The results of this article's test that are illustrated and discussed here are not as important as the following process for re-adjusting the energy (volts and MS) after the PS has been altered, in any way, from standard. If the particular make and model of machine being used offers: 1.) An energy readout, (Joules), as well as: 2.) An energy spread / concentration readout (J/cm2), then: those displayed readings can be used as references when comparing one pulse shape to another, as well as comparing the visual effect of one weld to another with an altered pulse shape. Equally as important, having those references allows us to re-adjust our energy, after altering the PS. As shown on the yellow highlighted portion of this projects Weld Schedule Chart, altering the pulse from standard reduced J and J/cm2. Weld I initial parameters, (with a standard PS), dictated that we use 1.55 J and 856.6 J/cm2 for the initial weld of the 1mm thick stock in Pic. 2. After altering the PS the energy can be brought back up to 1.55 J by increasing volts, MS, or more likely, a combination of both, in order to achieve the required penetration and melting with the altered PS.


Simply increasing the J, and or J/cm2to the targeted reference (in this case 1.55J / 856.6 J/cm2) will not always produce adequate penetration and melting into the same 1 mm piece. Of course volts and MShave to be balanced for the chosen beam diameter, regardless of PS, (See Article: "Proportions and Effects"). However, even if the target 1 55 J and 856.6 J/cm2 is selected after altering the pulse, the penetration and melting effects are often less than was achieved with the standard pulse shape. Therefore a given J and J/cm2 will produce one effect in a particular PS and a different effect in another PS. (See article: "More About Pulse Shaping"). When comparing the effects of a given J and J/cm2in standard PS, to an altered PS, the effect will always be less aggressive in the altered PS.

The difference in effect is related to the percentage of change that was made from the standard to the altered. The blue line, in Weld 2 PS Graph, indicates the altered pulse shape used. The red line is included to show the difference between Weld I PS graph and Weld 2 PS graph. The difference is estimated visually basedupon the percentage of decrease from the standard PS and is shown as the gray area on Weld 2 PS graph. More drastic reductions in area on the graph, require more drastic increases in volts and MS to get the penetration and melting necessary, even if that means going over the 40% difference (as shown in Weld 2 PS Graph). Here it was necessary to go over the 1.55 J and 856.6 J/cm2. The energy was increased by increasing (balancing) volts and MS until adequate penetration and melting was achieved, and no further. If that means going over the target J and J/cm2, then so be it. It is more important to achieve the correct penetration and melting, than get too caught up in all these numbers.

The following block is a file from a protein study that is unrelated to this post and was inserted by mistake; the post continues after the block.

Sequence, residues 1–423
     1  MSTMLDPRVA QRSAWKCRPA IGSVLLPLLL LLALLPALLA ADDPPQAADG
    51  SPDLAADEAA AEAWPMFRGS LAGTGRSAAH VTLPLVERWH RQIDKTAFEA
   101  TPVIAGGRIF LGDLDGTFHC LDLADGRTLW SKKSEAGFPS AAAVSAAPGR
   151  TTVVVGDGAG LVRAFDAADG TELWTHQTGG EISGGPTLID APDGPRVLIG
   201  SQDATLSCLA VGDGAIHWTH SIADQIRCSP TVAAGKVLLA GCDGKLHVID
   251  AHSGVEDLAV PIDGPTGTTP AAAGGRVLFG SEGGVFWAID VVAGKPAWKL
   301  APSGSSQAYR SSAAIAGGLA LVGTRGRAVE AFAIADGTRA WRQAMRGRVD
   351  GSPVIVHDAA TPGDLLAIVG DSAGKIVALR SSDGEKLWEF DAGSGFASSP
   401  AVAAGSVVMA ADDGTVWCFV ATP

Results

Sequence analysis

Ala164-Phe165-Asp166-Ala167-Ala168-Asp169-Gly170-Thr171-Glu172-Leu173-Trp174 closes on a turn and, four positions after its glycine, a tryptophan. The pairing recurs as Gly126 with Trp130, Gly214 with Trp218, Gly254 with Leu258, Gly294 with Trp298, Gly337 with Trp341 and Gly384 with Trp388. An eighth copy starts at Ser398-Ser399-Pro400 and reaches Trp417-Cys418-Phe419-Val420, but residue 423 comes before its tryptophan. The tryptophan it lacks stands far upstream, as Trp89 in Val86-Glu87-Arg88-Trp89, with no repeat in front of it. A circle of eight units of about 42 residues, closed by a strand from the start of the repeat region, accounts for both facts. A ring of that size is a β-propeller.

The altered PS in Weld 2 PS Graph was chosen based on curiosity. We were curious if a slightly slower pulse heat time, and much slower pulse cool time, would produce more ductility in the weld in a similar way to the slower cooling time that Ni WG requires when annealing with a torch at the bench. After altering the pulse and re-adjusting the energy, the same welding and failure test process was used as in Weld 1.

The small notch that is illustrated in Picture 4 had to be re-cut during the bending of Weld 2, because the walls of the notch were contacting before the rest of the weld failed. The smaller notch on Weld 2 had to be re-notched once because during bending the walls of the notch contacted before ripping or cracking in the rest of the weld.

There are many variables present when conducting this kind of testing. For example, if any one of the pulse shape reference points were to be moved over the X or Y axis in even the slightest amount, then in order to really know if the altered pulse shape was producing more ductile results, a new test similar to this one would have to be performed. If any part of the alloy content were changed (even the slightest percentage), then a new set of tests would be necessary (with various sets of custom altered pulse shapes, as well as tempers, if heat treatable). The temper of the piece is also a variable. A medium temper was chosen for this test. We have conducted similar testing on l4k WG that was extremely work hardened. Video of the work hardened piece is included in this project's more comprehensive report. Parameters are variables; the primary purpose of this report was to show one method of taking steps to isolate the variables, mainly related to the adjustment of the parameters.

Related Articles:

Pulse Shaping: Energy Over Time
Pulse Shaping: Variable Constants
Nickel White Gold Welding

By David Brown – © Bench Magazine